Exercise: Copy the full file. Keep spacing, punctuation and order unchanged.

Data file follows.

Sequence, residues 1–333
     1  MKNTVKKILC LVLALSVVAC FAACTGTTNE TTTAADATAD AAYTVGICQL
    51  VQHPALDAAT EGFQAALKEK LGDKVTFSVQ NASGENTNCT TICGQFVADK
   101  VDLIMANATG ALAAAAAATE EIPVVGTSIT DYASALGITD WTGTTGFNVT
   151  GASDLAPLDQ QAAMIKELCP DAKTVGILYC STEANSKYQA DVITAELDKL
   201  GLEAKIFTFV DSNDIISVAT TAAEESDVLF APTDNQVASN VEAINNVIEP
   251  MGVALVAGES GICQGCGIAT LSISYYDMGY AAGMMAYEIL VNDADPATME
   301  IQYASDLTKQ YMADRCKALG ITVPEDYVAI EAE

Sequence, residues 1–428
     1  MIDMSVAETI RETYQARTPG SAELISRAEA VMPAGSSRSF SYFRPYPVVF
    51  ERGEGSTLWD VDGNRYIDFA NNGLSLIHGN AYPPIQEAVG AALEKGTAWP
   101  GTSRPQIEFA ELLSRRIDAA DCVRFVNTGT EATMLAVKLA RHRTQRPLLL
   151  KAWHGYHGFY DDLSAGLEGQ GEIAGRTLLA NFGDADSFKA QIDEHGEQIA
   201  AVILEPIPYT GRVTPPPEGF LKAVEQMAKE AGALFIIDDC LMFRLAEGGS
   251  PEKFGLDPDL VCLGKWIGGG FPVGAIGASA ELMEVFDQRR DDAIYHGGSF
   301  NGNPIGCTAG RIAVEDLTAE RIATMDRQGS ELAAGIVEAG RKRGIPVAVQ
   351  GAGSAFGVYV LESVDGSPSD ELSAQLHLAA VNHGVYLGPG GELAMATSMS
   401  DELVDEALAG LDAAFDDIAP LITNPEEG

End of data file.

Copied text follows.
Sequence, residues 1–333
     1  MKNTVKKILC LVLALSVVAC FAACTGTTNE TTTAADATAD AAYTVGICQL
    51  VQHPALDAAT EGFQAALKEK LGDKVTFSVQ NASGENTNCT TICGQFVADK
   101  VDLIMANATG ALAAAAAATE EIPVVGTSIT DYASALGITD WTGTTGFNVT
   151  GASDLAPLDQ QAAMIKELCP DAKTVGILYC STEANSKYQA DVITAELDKL
   201  GLEAKIFTFV DSNDIISVAT TAAEESDVLF APTDNQVASN VEAINNVIEP
   251  MGVALVAGES GICQGCGIAT LSISYYDMGY AAGMMAYEIL VNDADPATME
   301  IQYASDLTKQ YMADRCKALG ITVPEDYVAI EAE

Sequence, residues 1–428
     1  MIDMSVAETI RETYQARTPG SAELISRAEA VMPAGSSRSF SYFRPYPVVF
    51  ERGEGSTLWD VDGNRYIDFA NNGLSLIHGN AYPPIQEAVG AALEKGTAWP
   101  GTSRPQIEFA ELLSRRIDAA DCVRFVNTGT EATMLAVKLA RHRTQRPLLL
   151  KAWHGYHGFY DDLSAGLEGQ GEIAGRTLLA NFGDADSFKA QIDEHGEQIA
   201  AVILEPIPYT GRVTPPPEGF LKAVEQMAKE AGALFIIDDC LMFRLAEGGS
   251  PEKFGLDPDL VCLGKWIGGG FPVGAIGASA ELMEVFDQRR DDAIYHGGSF
   301  NGNPIGCTAG RIAVEDLTAE RIATMDRQGS ELAAGIVEAG RKRGIPVAVQ
   351  GAGSAFGVYV LESVDGSPSD ELSAQLHLAA VNHGVYLGPG GELAMATSMS
   401  DELVDEALAG LDAAFDDIAP LITNPEEG